With Final Fantasy Crystal Chronicles and Super Mario Sunshine getting remastered versions on the Nintendo Switch, it seems that rereleasing Gamecube games on the Nintendo Switch is not out of the question.
Yet, with its 20th year anniversary looming in 2021, should Nintendo remaster Super Smash Bros. Melee for the Nintendo Switch?
Possibly the most popular entry in the series thanks to its reputation as the main entrypoint for many fans, Melee has endured over the years and still has an active fanbase today. So, to celebrate the game’s 19th anniversary this year, let’s look at what Melee contributed to the series and the arguments for and against its remaster.
The original Super Smash Bros. acted almost like a one-off spinoff, with it featuring only 12 Nintendo characters and only a handful of franchises getting represented. Melee brought along 13 more combatants including fan-favourite characters like Princess Peach and Zelda, Bowser, and Ganondorf.
Oddball picks like Mr. Game and Watch, Ice Climbers, Marth and Roy certainly were welcome additions, especially since the latter two made their debut outside of Japan and brought Fire Emblem into the mainstream.
The addition of side special attacks and tighter controls as a whole changed the game completely and elevated Smash into a competitive game. Combined with the numerous exploits that fans have figured out over the years (like wave-dashing), this ensured Melee’s longevity even after three sequels were released.
Why It Should Be Remastered
It’s a bona fide classic, and it is still awe-inspiring to look back at. For a game of this caliber and scale to be made in 2001 is worth being preserved for newer generations of gamers to experience for the first time. To see how Super Smash Bros. Ultimate was shaped by Melee would be quite a treat for fans.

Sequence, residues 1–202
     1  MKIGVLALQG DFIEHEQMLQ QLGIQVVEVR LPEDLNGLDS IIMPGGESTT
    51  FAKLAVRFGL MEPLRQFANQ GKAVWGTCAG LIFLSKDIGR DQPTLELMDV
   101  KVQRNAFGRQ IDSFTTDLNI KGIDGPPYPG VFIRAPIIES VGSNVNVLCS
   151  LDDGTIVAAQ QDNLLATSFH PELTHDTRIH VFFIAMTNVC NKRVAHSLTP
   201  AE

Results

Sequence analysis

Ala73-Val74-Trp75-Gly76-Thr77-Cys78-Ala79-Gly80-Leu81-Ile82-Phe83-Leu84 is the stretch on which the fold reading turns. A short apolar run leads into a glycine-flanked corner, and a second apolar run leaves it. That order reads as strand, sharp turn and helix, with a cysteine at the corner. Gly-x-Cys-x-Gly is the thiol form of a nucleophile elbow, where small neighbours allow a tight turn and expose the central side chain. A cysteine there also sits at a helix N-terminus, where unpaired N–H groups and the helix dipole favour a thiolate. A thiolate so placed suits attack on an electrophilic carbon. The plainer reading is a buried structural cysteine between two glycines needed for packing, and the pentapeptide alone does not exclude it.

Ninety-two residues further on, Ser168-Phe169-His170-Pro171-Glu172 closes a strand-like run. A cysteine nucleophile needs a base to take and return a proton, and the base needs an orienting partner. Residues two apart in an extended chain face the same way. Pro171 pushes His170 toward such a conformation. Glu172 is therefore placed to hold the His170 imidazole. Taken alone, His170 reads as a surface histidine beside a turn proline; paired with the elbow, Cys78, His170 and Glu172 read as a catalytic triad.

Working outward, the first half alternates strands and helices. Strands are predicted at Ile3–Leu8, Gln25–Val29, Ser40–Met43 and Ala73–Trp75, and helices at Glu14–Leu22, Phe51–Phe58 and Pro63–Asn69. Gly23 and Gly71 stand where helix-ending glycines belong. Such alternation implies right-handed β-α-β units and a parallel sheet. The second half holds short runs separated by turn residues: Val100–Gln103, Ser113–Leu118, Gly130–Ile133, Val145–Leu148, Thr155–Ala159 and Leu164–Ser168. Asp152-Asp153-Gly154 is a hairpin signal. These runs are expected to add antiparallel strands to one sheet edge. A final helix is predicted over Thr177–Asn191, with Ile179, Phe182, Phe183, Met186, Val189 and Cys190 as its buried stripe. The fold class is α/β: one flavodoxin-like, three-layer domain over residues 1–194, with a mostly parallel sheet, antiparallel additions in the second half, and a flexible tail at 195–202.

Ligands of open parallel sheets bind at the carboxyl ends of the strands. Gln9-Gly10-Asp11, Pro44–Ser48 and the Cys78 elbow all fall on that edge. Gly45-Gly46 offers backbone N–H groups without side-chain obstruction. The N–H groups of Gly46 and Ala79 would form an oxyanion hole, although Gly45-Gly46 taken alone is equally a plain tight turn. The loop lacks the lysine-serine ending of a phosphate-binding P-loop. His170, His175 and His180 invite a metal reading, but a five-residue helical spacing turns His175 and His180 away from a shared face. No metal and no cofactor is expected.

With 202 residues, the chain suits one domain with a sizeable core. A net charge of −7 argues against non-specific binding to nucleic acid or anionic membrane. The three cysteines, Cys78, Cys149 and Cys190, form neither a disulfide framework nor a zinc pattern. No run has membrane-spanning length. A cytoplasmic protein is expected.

The lively competitive scene surrounding the game can also be reinvigorated with a new version of Melee, especially one with online multiplayer. This can make the game a lot more accessible and tournaments a lot more viable since competitors wouldn’t have to solely rely on playing the game physically on a Gamecube.
Melee’s Adventure Mode is also a great single-player mode that has not been revisited since, as it turns Smash Melee into a fully playable side scrolling platformer that has you go through Nintendo worlds that have been faithfully recreated. Super Smash Bros. Brawl’s Subspace Emissary may have turned this concept into an epic tale, but it doesn’t have the same charm as Melee’s Adventure Mode.
Why It Shouldn’t Be Remastered
Melee purists may not like the hypothetical additions that could be implemented in a remastered version, especially since all the exploits that fans have found relied heavily on overlooked mechanics and oversights that could not be patched out since Melee has always been an offline game. Melee without things like wavedashing would not be the same.
Even the base mechanics that are baked into Melee, like how only one character can hold onto a stage ledge at a time, can be quite unorthodox for Smash Ultimate players. The quality-of-life additions that later games brought can make playing Melee a little hard to get into. Melee may be a more fast and loose game, but Ultimate is certainly more consistent with its physics.
Last but not least, it might be easier for Nintendo to just release a Melee mode for Ultimate instead, since they are still going to be supporting Ultimate for quite some time. At this point, it’s more likely for them to release a third season pass than to regress to Super Smash Bros. Melee.
Overall, Melee’s contribution to modern day Smash Bros. cannot be overstated and it is unbelievable that a fighting game can endure for 19 years. Maybe Nintendo will surprise us with something Melee-related for Smash Ultimate, but we do have the slightest hope for a remaster of some sort.